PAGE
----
Usually abundant and at times what some would decry as a nuisance, the regional white-tailed deer population has seen a dramatic decrease in the past year, in large part due to an outbreak of epizootic hemorrhagic disease (EHD) in both 2020 and 2021.
EHD is a viral disease in white-tailed deer that is transmitted by biting midges (Culicoides), otherwise known as “punkies” or “no-see-ums.” The disease is not spread from deer to deer, nor can humans be infected by it; but they certainly can smell the rotting carcass of deer, which often are found near streams, as the virus causes severe dehydration before death.
While the recent outbreaks took place in the late summer and early fall of 2020 and 2021, when midges were abundant, the impacts on the population are still not quite known. New York State Department of Environmental Conservation (DEC) big game biologist Jeremy Hurst said that the agency had “more than 350 dead deer reported from western Dutchess County, and nearly 550 dead deer were reported from Ulster County.” Hurst also noted that the “outbreak in 2021 was more intense in these areas than in 2020, and has very likely reduced the deer population in the areas most heavily impacted.”
What the hunters are saying
Hunters back up this claim, many of them saying that this was the leanest hunting season they’ve ever experienced. “I’ve been hunting since I was a kid, and in 25 years, I’ve never had a problem shooting a mature buck,” said Richie Felter, an avid hunter from Tillson who works at Smitty’s Body Shop in New Paltz. “This year, I had a problem finding one. I sat out there on opening day for seven hours and didn’t see a deer.” Felter said that he hunts on a private tract of land that’s owned by a friend of his in Ulster County, where “There are always plenty of deer. Not this year.”
Felter said that he doesn’t shoot the young ones or the does. An avid outdoorsman, hunting and fishing are the way he has always stocked the freezer. “This is the first time in I don’t know how long that I don’t have any venison. I think that disease [EHD] is really impacting the mature deer.” Felter first noticed the difference in the population toward the end of June. “In the spring I would see eight or nine bucks near where I live, but as it got warmer, they really started to become scarce. I usually drive to work before the sun comes up, and I’m careful because there are deer everywhere, but I haven’t seen any along the roads this fall.”
Frank Kouhout, another lifelong hunter, concurred with Felter’s experience. “I basically hunted at Mohonk this season. I think the entire season I saw seven deer, and they were young. The ranger station tallies how many deer are taken off the mountain, and this year there were less than 30, when usually it’s way more than that,” he said.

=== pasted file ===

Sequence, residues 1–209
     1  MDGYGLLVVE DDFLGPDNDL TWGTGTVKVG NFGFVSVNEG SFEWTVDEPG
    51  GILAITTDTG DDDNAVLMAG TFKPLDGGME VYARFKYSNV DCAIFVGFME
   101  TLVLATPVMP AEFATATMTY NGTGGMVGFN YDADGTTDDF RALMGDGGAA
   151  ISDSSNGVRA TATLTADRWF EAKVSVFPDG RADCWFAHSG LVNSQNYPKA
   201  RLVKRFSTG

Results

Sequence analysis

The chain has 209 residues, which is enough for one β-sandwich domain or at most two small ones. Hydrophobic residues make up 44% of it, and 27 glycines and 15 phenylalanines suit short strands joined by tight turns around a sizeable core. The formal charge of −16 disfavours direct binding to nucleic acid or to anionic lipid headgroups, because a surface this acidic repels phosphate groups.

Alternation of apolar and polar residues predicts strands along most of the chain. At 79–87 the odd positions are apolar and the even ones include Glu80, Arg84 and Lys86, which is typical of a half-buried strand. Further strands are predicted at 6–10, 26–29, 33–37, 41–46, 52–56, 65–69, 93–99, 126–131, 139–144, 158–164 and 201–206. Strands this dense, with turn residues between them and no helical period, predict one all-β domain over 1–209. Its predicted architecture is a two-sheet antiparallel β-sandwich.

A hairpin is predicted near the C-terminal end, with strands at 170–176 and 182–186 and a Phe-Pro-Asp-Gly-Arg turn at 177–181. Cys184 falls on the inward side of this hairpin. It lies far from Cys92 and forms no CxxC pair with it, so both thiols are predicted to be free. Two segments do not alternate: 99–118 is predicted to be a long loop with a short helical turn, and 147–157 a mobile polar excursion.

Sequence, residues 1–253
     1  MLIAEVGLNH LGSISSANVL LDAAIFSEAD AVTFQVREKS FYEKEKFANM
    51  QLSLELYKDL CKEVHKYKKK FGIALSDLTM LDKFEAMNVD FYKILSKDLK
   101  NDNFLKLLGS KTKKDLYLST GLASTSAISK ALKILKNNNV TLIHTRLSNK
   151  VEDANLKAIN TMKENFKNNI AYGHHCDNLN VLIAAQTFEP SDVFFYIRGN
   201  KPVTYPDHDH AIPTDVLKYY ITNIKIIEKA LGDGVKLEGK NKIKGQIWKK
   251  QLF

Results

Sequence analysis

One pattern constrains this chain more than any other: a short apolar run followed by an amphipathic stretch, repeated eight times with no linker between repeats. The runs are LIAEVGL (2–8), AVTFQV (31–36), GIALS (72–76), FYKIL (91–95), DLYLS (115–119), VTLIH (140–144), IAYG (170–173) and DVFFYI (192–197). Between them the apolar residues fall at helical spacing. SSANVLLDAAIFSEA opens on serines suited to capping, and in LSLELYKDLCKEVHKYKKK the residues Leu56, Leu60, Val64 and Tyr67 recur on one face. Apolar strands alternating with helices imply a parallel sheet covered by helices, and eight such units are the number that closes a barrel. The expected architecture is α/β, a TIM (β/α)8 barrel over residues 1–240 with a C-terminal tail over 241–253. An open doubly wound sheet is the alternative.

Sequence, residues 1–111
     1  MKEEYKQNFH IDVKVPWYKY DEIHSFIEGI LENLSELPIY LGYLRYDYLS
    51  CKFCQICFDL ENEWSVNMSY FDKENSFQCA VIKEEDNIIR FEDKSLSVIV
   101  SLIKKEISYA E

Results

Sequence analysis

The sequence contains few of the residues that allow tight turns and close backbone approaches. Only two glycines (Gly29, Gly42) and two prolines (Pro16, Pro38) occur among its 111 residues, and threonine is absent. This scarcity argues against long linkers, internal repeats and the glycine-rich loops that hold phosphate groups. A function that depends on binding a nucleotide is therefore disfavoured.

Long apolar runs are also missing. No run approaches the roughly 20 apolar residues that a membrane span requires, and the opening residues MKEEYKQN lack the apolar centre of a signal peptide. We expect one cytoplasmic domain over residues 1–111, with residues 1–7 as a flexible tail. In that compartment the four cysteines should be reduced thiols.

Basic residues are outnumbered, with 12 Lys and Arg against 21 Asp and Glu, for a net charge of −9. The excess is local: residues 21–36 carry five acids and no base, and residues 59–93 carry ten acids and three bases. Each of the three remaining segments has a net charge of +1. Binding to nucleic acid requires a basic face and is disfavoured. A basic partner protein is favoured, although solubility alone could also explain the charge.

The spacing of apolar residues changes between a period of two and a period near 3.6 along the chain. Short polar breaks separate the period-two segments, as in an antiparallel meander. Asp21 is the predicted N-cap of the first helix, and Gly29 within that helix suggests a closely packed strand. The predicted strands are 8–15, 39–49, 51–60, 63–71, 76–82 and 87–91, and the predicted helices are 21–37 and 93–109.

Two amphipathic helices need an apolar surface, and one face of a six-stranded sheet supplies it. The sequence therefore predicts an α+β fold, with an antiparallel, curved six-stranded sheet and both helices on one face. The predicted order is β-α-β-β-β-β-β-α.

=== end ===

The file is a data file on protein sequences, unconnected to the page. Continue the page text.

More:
The Mohonk Preserve concurred with Kouhout on this observation. According to research ecologist Megan Napoli, the Preserve’s Deer Management Program experienced a “record low harvest season in 2021, with only 27 deer harvests reported – well below the average harvest of 60 deer per season.” Noting that harvest numbers fluctuate from season to season, Napoli added that this year there were “some extenuating circumstances” that may have contributed to the record low harvest total, including climate change with “above-average air temperatures and precipitation, and an outbreak of epizootic hemorrhagic disease.”
Both Felter and Kouhout believe that the numbers reported by the DEC do not reflect the true number of how many deer have died from the disease. “That’s just what has been reported to them,” said Felter. “I have friends that just quit hunting. It was that bad. Jay Coddington, who owns Black Creek Taxidermy, couldn’t get a decent buck either, and he just stopped hunting.”
Not only does EHD mean a painful death for the deer, but the smell of decay was also widely reported, particularly near streams. “That smell was everywhere,” said Kouhout. “I’d be biking down the [Wallkill Valley] Rail Trail, and there’d be that pungent smell. And the carcasses just lay there, because even the coyotes won’t eat them. They steer clear of them like they know there’s something wrong with the meat.”
Kouhout is hopeful that the whitetailed deer are “building some immunity to the disease,” noting that he and other hunting friends have noticed that “the deer hooves are peeling, which is a good sign, from the information I’ve gathered.”
Increase in hunting licenses
Like all outdoor-related activities, since the COVID-19 pandemic, hunting licenses saw an increase in New York. According to the DEC, “From 2019 to 2020, license sales increased by approximately 10 percent. From 2020 to 2021, license sales decreased by approximately four percent, but are still approximately five percent higher than they were in 2019.”
According to Hurts of the DEC, the agency “will evaluate the impact of EHD on the 2021 deer harvest and adjust DMP [Deer Management Permit] issuance for 2022 as appropriate. The population management objective for Wildlife Management Units in southeastern New York, including those in western Dutchess and eastern Ulster Counties, has been for population reduction. DEC will take that into consideration while reviewing the status of the deer population in the area.”
The DEC encourages people to report any dead deer that they see, so that they can collect samples and send them to their lab to determine if EHD was the culprit. This helps them determine their deer management program. To learn more about the disease, visit www.dec.ny.gov/animals/123773.html. To submit pictures and/or a report on a dead or sick deer believed to have EHD, go to https://survey123.arcgis.com/share/6c0603ce13444102be6858bc7d-d577e9.